10 the absence of a patented feature makes the product significantly less desirable, but in this analysis, a court must consider the availability of non-infringing alternatives. Apple III, 735 F.3d at ; Apple II, 695 F.3d at 1376 (noting that a laptop computer will not work (or work long enough) without a battery, cooling fan or even the screws that may hold the frame together, and its value would be accordingly depreciated should those components be removed ). Patents covering multiple features may be considered in the aggregate in some circumstances, such as where they all relate to the same technology or where they combine to make a product significantly more valuable. Apple III, 735 F.3d at Apparently recognizing that it cannot prove causal nexus through any of these means, Apple advances two new rules in an effort to make an end-run around the causal nexus requirement: (1) a causal nexus analysis must take into account the scope of the proposed injunction; and (2) irreparable harm to reputation may be shown by proving the so-called Douglas Dynamics factors. Neither rule finds support in the law. Moreover, if adopted by this Court, either rule would effectively gut the causal nexus requirement. 5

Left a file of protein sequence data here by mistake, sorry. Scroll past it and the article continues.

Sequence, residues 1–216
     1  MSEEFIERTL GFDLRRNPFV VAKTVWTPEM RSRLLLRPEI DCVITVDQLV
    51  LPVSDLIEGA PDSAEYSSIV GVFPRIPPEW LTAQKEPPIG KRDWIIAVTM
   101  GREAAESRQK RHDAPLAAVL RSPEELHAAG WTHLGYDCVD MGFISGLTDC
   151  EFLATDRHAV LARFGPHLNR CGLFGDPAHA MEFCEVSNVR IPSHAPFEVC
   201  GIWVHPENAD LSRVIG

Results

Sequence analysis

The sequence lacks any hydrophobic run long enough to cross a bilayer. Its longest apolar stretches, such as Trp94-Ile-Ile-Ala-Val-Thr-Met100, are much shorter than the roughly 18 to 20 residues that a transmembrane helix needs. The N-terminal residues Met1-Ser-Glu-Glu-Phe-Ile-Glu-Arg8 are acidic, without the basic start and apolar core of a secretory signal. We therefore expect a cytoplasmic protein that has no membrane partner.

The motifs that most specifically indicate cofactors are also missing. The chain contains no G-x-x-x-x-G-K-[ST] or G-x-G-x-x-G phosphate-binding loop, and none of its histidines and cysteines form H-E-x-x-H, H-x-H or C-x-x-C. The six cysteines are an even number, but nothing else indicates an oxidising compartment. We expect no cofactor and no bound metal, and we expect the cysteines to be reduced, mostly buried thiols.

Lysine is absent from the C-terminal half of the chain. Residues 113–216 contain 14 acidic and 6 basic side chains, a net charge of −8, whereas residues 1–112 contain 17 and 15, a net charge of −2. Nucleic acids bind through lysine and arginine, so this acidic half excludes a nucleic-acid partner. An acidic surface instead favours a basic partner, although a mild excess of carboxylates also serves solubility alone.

11 A. The Scope of a Proposed Injunction is Irrelevant to the Irreparable Harm Inquiry Apple asserts that [a] causal nexus analysis must take into account the scope of the requested injunction against the defendant s products, and that the district court erred by not considering Apple s evidence of irreparable harm in the context of Apple s narrowly-tailored request for injunctive relief. (Apple Br ) Irreparable harm, however, is harm to the plaintiff, not burden on the defendant. There is simply no authority (and Apple cites none) for the novel proposition that the scope of a proposed injunction has any bearing whatsoever on the connection between the infringement and any alleged irreparable harm. 2 The logic of this proposed scope of the injunction rule is hard to fathom. A patentee either has been irreparably harmed or it has not; an injunction is merely a remedy for that harm, if proven. Moreover, it makes no sense that a patentee would not be irreparably harmed absent a broad product-based injunction, but would be so harmed absent a narrow feature-based injunction. Apple does not attempt to explain the difference. Indeed, Apple makes no effort to explain the 2 The scope of the injunction may be relevant to the balance-of-harms factor, which considers the harm to the defendant if the requested relief is granted and whether a remedy in equity is warranted. See ebay, 547 U.S. at 391. It may also be relevant to the public interest factor. See Apple III, 735 F.3d at ; ebay, 547 U.S. at (Kennedy, J., concurring) ( When the patented invention is but a small component of the product the companies seek to produce and the threat of an injunction is employed simply for undue leverage in negotiations,... an injunction may not serve the public interest. ). 6